Facts and Events
Akkamma Devi - A Life Of Service
. . . . Akkamma Devi is alert, highly articulate and possesses an impressive memory of her long and productive life. She recalls that her entry into formal politics in 1962 began with a summons to Madras from Chief Minister Kamaraj. Akkamma travelled under the assumption that she would be asked to contest an assembly seat in the Nilgiris but was speechless upon hearing that Kamaraj wanted to send her straight to Delhi. He had assigned her the Nilgiris Lok Sabha seat, arguing that the constituency had so far lacked a representative from the hills. Further, Akkamma Devi's educational achievements and fluent English meant she was ideally qualified to participate in parliamentary life. Akkamma Devi also retains fond recollections of Jawaharlal Nehru who encouraged her parliamentary activity. The loyalty to Congress and the Nehru family remains strong. Once in Delhi, Akkamma Devi promoted the Nilgiris with energy. She was deeply concerned by the plight of small tea growers and worked to build institutions like cooperative factories that would make them more secure. The cause dearest to her is the education of girls.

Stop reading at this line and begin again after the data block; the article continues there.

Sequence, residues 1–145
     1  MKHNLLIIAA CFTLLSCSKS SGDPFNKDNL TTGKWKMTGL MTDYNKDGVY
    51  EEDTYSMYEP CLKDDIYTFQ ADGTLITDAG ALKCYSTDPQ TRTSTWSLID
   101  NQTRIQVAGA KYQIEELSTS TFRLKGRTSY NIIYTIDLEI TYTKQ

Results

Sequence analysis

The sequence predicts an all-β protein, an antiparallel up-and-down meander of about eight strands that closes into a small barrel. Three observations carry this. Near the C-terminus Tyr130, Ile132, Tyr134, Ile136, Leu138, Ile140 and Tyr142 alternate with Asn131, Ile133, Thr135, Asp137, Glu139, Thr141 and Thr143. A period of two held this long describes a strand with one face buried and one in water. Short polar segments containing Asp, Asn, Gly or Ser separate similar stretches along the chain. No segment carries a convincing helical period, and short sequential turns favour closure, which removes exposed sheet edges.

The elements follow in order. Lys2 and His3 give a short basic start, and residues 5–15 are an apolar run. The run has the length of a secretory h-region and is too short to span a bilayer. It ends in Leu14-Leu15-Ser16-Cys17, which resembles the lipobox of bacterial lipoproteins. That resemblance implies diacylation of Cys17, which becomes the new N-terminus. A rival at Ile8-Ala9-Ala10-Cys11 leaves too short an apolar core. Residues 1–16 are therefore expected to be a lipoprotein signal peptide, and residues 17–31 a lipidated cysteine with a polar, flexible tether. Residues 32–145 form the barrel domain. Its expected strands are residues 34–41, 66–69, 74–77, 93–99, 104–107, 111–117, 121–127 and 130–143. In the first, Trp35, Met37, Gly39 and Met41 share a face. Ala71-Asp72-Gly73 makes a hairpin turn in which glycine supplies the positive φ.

The story of Akkamma Devi's eventful life has been narrated in detail in a book authored by her daughter, Hema Raman. The volume, Daughter of the Mountains (published by East West Books), . . . . was deliberately written so that children would read it and appreciate the value of education and social service.
Akkamma Devi is quick to pay tribute to two important men in her life. Her cherished husband, Joghi, supported and encouraged her work. Her father, Motha Gowder, made great sacrifices to advance her education. He walked his daughter five miles to St. Joseph's Convent School in Coonoor every day. His dictum, educate a woman and she will educate her entire family, was put into practice by Akkamma Devi as a mother, social worker and member of parliament. She promoted schools and women's self help groups in the Nilgiris. A long and distinguished career of service was recognised by a Lifetime Achievement Award from the All-India Women's Conference (AIWC). The AIWC award recognises members aged over 70 with 50 years of social service. Given the devotion to service and the needs of the villages of the Nilgiris, it should come as no surprise that Akkamma Devi took inspiration from Mahatma Gandhi and recalls his visit to Coonoor during her childhood. She continues to value simplicity and the welfare of others.
Akkamma Devi also esteems highly two women close to her. Her mother Subbi was a pillar of strength who spread happiness and humour in her family and village. More recently, Akkamma Devi's daughter, Hema Raman, has become another pillar of strength. . . .
Akkamma Devi has no regrets for herself. Even losing the Nilgiris seat in 1967 is borne philosophically. It was simply the wind of the DMK that took it away. However, she fears that the tradition of service in political life is in danger of being lost. . . .